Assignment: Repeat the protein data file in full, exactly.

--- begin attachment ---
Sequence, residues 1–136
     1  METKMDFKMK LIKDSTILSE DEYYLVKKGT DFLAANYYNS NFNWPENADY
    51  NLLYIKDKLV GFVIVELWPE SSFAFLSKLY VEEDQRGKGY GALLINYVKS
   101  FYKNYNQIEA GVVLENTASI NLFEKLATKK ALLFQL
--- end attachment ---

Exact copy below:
Sequence, residues 1–136
     1  METKMDFKMK LIKDSTILSE DEYYLVKKGT DFLAANYYNS NFNWPENADY
    51  NLLYIKDKLV GFVIVELWPE SSFAFLSKLY VEEDQRGKGY GALLINYVKS
   101  FYKNYNQIEA GVVLENTASI NLFEKLATKK ALLFQL